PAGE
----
Tips for Growing a Garden - A Fantastic Homegrown Solution
Growing a garden at home full of your own fresh vegetables helps you provide for your family. Eating homegrown food can also help offset your household expenses at the grocery store.
A garden helps utilize unused land on your own property. Watching seedlings spring into action is awesome to behold! Digging in the dirt may not sound too great but the fruits of your labor will be extremely gratifying!
Buying produce from the grocery store has its own set of challenges. Sometimes, what you see is not what you get! That's why its so great to have your own garden!
The first year designing your garden will be one of the tasks you must perform. There are many things to consider and there will be some extra work that has to be done in order to have gardening success. The efforts you make today however, will pay off for many, many years to come, so take your time and enjoy the process!
Tips for Growing a Garden Full of Your Own Fresh Vegetables
Before you get started growing a garden, you’ll need to pick a spot to plot. Is the site you’ve chosen water accessible? Does the plot get plenty of sun for at least 6 hours a day? These are very important considerations you must make before growing a garden!
If you have trees that block sunlight in the area you've selected, you need to have those removed beforehand. This may seem like a big hassle but it's necessary for photosynthesis. You can cut down trees with a chain saw or ask a friend or neighbor to help out. If tree stumps are in your way, you’ll have to remove those too before you can utilize the land.
This may seem like an expensive venture, but tree stumps can be killed off with a granular tree stump killer, pulled up by a tractor, or ground down by a stump grinder. It’s really a small cost when you think about how good your own food will taste!
When you’re growing a garden, you’ll also need to decide how much land you’ll need to grow the type of vegetables you want. Of course, it goes without saying! The more vegetables you want to grow, the more space you’ll need. If you need help creating a plot, call a reputable landscaper in your area! There's no shame in that, especially if don't think you can accomplish the task all by yourself.
It's a moot point but overcrowding a garden can lead to blight. The second year of my garden, my okra plants got much larger than I expected and ended up crowded out my tomatoes. I also planted my tomato plants too close together but that's exactly why planning ahead is necessary. It all worked out but it was hard to collect the fruit off the plants at times.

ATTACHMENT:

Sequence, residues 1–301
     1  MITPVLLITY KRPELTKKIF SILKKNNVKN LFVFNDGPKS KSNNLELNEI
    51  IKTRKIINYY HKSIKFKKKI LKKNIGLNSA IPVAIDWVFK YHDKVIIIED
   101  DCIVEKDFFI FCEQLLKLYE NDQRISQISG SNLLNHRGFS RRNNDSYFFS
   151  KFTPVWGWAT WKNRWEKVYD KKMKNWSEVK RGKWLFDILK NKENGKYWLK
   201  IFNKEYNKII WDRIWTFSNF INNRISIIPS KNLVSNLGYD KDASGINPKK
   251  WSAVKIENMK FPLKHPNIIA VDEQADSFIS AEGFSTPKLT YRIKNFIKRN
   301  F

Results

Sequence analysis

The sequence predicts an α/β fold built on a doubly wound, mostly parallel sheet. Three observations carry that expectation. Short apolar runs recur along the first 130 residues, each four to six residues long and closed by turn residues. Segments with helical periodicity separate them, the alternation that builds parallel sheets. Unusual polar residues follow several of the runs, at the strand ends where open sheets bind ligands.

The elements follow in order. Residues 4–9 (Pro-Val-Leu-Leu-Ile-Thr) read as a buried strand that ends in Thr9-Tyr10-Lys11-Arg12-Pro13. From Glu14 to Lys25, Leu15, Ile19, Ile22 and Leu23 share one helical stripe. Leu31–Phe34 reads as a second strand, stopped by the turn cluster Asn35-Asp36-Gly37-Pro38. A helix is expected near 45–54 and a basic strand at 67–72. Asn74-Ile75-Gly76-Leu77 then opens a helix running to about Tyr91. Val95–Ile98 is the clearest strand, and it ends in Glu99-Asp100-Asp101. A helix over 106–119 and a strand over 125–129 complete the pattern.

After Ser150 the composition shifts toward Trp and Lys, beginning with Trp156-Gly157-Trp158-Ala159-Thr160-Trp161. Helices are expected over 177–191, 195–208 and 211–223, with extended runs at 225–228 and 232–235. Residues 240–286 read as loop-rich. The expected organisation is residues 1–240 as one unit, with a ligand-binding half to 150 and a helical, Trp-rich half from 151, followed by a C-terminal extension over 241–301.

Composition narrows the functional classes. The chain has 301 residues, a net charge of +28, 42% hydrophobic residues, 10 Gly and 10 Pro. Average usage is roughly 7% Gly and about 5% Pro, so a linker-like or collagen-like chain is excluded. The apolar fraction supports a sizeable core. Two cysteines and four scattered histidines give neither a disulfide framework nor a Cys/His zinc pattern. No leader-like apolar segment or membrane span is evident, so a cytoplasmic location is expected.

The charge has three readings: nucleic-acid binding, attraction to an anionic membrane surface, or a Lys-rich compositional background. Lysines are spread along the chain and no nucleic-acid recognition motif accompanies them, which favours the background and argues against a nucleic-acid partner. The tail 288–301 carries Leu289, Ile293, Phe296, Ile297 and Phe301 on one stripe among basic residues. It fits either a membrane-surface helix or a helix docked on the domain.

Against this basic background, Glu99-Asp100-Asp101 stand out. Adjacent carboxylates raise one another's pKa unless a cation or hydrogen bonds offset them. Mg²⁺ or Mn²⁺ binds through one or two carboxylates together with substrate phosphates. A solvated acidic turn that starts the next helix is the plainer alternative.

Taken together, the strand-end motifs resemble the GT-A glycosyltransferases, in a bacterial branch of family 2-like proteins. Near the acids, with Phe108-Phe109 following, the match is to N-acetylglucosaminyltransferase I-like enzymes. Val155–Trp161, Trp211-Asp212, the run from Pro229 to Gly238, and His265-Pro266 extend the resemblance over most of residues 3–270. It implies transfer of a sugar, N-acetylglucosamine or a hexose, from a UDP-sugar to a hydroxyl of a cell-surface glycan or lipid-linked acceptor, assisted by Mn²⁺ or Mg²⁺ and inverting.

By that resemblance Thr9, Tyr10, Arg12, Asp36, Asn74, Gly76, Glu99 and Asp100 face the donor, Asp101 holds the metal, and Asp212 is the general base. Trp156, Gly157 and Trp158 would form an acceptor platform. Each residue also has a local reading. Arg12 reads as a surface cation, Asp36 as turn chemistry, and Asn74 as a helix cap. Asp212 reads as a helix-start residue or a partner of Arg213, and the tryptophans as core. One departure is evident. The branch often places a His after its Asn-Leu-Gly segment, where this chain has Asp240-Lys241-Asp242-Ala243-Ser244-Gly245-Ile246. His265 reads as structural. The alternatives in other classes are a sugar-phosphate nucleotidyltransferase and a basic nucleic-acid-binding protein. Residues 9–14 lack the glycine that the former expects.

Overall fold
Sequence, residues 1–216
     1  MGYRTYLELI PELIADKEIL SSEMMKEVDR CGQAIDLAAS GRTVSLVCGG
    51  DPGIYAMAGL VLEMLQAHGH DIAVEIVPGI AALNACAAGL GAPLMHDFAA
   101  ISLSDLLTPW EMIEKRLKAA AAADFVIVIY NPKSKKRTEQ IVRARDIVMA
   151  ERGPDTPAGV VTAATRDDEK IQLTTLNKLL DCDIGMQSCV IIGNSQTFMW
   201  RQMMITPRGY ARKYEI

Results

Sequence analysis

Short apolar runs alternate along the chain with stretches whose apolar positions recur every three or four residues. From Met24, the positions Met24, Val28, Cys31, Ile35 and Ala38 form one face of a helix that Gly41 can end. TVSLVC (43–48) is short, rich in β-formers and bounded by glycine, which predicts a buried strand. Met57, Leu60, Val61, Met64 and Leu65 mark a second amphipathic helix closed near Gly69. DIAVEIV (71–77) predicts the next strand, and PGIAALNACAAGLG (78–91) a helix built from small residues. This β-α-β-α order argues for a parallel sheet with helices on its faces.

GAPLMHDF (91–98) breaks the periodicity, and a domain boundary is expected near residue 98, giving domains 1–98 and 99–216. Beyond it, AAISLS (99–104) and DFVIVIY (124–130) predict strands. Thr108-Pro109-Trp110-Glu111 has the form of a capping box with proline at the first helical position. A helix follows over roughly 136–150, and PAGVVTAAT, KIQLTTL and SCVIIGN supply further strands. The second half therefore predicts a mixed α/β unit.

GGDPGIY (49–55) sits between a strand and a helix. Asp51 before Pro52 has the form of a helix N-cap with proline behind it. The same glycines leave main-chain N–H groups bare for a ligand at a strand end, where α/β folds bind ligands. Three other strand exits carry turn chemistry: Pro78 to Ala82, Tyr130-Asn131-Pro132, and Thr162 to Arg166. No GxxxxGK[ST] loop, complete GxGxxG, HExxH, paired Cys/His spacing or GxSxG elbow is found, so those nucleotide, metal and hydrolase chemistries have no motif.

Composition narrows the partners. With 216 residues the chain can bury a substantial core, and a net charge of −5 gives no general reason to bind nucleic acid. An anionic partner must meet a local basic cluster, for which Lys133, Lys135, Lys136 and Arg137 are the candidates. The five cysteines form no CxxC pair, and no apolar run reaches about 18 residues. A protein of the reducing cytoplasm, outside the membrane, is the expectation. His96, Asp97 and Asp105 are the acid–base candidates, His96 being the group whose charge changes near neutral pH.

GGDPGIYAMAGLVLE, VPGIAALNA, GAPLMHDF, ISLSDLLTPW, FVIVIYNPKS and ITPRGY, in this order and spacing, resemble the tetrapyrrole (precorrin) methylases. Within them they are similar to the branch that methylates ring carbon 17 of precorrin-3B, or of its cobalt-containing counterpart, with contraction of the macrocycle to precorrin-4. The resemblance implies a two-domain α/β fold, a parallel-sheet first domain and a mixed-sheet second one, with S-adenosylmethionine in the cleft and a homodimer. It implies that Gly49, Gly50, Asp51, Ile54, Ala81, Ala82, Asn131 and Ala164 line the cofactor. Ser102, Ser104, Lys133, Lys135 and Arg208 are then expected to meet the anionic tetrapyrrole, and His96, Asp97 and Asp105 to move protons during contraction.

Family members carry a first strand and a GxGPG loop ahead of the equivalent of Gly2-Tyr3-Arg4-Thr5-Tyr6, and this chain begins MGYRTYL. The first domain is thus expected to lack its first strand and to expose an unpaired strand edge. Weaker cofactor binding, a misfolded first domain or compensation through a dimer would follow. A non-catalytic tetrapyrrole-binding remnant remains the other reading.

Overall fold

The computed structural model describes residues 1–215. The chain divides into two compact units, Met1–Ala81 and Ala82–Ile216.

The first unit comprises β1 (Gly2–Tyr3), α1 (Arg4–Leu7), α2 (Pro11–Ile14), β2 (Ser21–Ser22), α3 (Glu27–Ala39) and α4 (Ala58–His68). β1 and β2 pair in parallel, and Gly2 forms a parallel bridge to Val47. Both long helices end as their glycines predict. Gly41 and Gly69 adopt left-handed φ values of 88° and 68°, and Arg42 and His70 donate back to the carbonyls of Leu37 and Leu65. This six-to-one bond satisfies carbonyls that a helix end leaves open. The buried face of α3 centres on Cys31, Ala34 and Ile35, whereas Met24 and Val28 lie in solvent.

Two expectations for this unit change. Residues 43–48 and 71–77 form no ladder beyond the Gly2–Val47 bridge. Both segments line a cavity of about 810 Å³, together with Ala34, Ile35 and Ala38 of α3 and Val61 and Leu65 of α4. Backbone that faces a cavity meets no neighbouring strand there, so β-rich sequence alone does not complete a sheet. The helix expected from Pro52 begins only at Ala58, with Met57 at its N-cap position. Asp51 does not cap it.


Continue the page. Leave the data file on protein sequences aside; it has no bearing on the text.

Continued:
Once you’ve decided on a plot you’ll use, you must remove grass and weeds from the area. You can cover them with plastic over winter months, which works very well and is au naturelle! If you must, you can use a broad-spectrum herbicide but then you'll be putting toxic chemicals into the soil. NOT good! You can also opt to remove the top layer of the soil. That will require some digging and shoveling but it’ll be well worth it when you’re finished.
*Transplant any grass you've removed or throw it into your compost pile for added nitrogen!
Once you have the plot ready, you’ll need to check the quality of the soil and the pH. Do not skip this step! Your local County Extensions Office can test soil samples. They will also tell you how to take soil samples so they can analyze the soil for you... for a wee fee. They will tell you exactly what you need to amend your soil to make it ‘healthy’ for planting vegetables. OR, you can test your own soil for alkalinity and give the County Extensions Office a call. Ask them for some tips for your type of soil.
*Tip - Find the phone number for the county extensions office in the government pages of your local phone book.
The next step, also too important to skip, is tilling the soil. Before you till however, grab a fistful of soil and squeeze it to see whether it's dry enough. If water oozes out between your fingers, it's too wet and you'll have to wait. If it's powdery, it's overly dry and you’ll need to add moisture. Water the plot thoroughly or wait for a good solid rain to till. Ideally you'll be able to form a ball of soil that crumbles when you poke it. Also, you’ll need to till at least one foot down, which is the deepest that most vegetable roots grow.
Tilling the first time will help remove rocks and roots that are in the way. You’ll need to bring up the dirt from underneath, to aerate and mix up the soil.
* If you dig up rocks, use them to help outline your garden bed!
Now its time to till the soil again but this time you need to fold in as much compost as possible and add the recommended nutrients that were given to you by your soil test samples. Compost gives your plants a loose garden bed that holds just the right amount of moisture and boosts nutritional needs. You'll want to replenish the compost in your soil periodically (plant growth and warm weather will speed its decomposition), so you may also want to consider starting your own compost pile. You can also buy a composter at a very low cost! Prices have really come down on green products over the years!
You might also want to add manure to your soil, which adds nitrogen. Local horse, chicken, or cow farms can supply all the seasoned manure you need or you can purchase it from home improvement stores.
* If you add raw manure to your garden, you must cover it well to keep it cool! You can add it one of two ways. One way is to dig down below where you want to plant your seeds/plants, cover the manure with soil, then plant your seeds/plants on top. You may optionally add manure around your seeds/plants and cover it well with a thick layer (4" or more) of pine straw or mulch. The point is to keep manure cool! When you water your plants, be sure to water the manure too. This helps keep it cool, which helps with decomposition and ensures that the manure won't burn up your tender plants.